Walmart Stores (WMT) is flexing its muscles a bit.
Before Thursday's market open, the world's largest retailer reported first-quarter earnings of $1 a share on revenue of $118.8 billion. Wall Street expected earnings of 96 cents a share on sales of $117.8 billion.
The company's U.S. same-store sales rose 1.4%, held back by consumers delaying spending due to late tax refunds.
Shares gained 2.6% to $76.81 in early Thursday trading and they deserve to be, TheStreet's Jim Cramer, manager of the Action Alerts PLUS portfolio, said on CNBC's "Mad Dash" segment. After all, the company beat earnings, revenue and same-store sales estimates.
There's no denying the struggles in the retail sector, particularly given the rise of e-commerce. However, Walmart is different. The company is in better position to fight back than its bricks-and-mortar peers because it has an excellent strategy, a balance sheet to envy and long-term shareholders. The Walton family owns roughly 50% of the stock.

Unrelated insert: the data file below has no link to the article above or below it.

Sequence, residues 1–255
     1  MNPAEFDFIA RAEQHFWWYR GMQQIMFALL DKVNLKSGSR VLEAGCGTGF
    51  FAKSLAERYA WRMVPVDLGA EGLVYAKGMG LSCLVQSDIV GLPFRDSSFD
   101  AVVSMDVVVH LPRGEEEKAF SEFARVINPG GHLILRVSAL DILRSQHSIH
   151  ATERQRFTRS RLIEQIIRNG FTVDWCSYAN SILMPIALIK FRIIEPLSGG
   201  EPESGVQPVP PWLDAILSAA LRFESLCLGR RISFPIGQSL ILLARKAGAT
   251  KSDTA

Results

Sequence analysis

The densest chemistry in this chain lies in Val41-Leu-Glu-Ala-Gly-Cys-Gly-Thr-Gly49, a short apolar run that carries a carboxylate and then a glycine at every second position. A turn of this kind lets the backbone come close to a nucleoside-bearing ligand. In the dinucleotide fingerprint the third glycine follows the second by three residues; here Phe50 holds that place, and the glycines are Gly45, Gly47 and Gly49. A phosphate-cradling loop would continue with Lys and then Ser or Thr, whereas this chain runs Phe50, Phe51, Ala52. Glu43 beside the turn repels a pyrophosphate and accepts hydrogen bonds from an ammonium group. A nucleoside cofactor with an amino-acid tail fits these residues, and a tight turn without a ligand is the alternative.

Walmart seems to be the only retailer not being completely disrupted by the shift of people buying more items online, as its peers including J.C. Penney (JCP) , Macy's (M) and Kohl's (KSS) posted massive declines for the first quarters. Walmart has been helped by efforts to lower prices in groceries, which has brought people to the stores. Traffic to Walmart's U.S. stores rose 1.5% in the quarter, for example.